Hacked and phished email accounts increasingly are serving as the staging grounds for bank fraud schemes targeting small businesses. The scams are decidedly low-tech and often result in losses of just a few thousand dollars, but the attacks frequently succeed because they exploit existing trust relationships between banks and their customers.

Last month, scam artists hijacked private email accounts belonging to three different customers of Western National Bank, a small financial institution with seven branches throughout Central and West Texas. In each case, the thieves could see that the victim had previously communicated with bank personnel via email.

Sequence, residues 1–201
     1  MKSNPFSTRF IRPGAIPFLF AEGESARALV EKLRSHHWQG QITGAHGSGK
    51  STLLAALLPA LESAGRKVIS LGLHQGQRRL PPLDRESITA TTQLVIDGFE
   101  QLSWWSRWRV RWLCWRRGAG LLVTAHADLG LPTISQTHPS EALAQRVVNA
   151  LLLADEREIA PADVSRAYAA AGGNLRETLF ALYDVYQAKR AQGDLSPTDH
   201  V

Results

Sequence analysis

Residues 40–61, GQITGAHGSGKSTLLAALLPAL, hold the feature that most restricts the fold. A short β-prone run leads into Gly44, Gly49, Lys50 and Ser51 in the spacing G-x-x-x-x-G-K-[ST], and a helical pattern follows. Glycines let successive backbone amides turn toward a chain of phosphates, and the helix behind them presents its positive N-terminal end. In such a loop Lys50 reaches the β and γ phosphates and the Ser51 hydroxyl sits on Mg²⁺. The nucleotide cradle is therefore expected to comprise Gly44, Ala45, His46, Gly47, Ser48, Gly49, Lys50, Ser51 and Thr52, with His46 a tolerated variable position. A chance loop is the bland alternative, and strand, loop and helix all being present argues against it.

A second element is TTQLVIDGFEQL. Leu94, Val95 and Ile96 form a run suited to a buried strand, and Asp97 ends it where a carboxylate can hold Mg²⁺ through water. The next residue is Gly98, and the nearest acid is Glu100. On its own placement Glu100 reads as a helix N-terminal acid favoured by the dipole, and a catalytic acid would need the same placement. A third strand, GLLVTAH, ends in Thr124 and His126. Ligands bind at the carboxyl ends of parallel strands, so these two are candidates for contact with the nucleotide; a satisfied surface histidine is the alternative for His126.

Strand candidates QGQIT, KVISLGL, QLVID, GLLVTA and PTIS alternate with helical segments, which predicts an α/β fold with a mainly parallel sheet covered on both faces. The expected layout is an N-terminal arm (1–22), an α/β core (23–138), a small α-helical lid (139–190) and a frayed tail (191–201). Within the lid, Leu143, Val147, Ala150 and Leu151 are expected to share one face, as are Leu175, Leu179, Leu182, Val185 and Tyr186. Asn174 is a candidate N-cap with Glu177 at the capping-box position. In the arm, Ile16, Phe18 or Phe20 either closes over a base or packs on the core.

The attackers then crafted the following email, sending it to personnel at each victim’s respective local WNB bank branch.

Good Morning,

Can you please update me with the the available balance in my account and also the information needed to  complete an outgoing wire transfer for me today,i am on my way to my nephew funeral service but i will check my mail often for your response.


Wade Kuehler, an executive vice president at WNB, said bank personnel followed up on two of the requests, ignoring the request not to contact the customer via phone. In both cases, the customers were grateful for the contact, saying they had not sent such a request.

But the thieves struck paydirt with the third attempt, when a sympathetic associate at the bank responded to the message with the requested balance information. The follow-up email from the thieves included instructions to wire money to an account at another bank, and the assistant helpfully processed the transfer.

Continue reading →